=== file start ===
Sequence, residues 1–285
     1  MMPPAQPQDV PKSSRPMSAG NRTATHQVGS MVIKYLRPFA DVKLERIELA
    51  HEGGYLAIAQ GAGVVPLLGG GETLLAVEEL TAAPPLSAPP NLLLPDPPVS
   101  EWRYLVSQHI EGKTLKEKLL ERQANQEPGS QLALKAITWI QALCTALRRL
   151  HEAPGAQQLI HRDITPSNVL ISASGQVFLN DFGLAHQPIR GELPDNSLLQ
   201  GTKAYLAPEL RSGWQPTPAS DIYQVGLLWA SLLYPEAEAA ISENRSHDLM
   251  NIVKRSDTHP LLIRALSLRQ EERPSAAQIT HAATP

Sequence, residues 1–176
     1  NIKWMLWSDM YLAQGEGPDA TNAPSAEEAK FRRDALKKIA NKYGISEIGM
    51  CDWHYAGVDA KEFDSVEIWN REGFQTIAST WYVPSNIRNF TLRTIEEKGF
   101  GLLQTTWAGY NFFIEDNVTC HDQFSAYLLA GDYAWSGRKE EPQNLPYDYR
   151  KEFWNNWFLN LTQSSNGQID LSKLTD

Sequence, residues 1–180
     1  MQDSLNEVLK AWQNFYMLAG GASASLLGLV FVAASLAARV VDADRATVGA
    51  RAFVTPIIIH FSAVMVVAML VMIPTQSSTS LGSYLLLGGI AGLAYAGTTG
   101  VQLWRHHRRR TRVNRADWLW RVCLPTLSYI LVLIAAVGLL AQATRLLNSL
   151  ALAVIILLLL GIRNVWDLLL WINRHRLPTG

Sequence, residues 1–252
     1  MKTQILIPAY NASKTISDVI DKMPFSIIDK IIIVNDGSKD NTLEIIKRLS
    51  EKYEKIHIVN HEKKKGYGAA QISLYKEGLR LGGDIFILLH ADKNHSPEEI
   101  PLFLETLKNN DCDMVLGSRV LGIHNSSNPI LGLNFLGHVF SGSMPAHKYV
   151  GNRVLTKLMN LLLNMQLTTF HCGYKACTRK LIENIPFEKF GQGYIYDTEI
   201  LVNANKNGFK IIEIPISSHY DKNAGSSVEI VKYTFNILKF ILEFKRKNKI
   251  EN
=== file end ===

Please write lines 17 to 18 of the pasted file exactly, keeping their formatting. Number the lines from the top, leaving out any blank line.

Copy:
   151  ALAVIILLLL GIRNVWDLLL WINRHRLPTG

Sequence, residues 1–252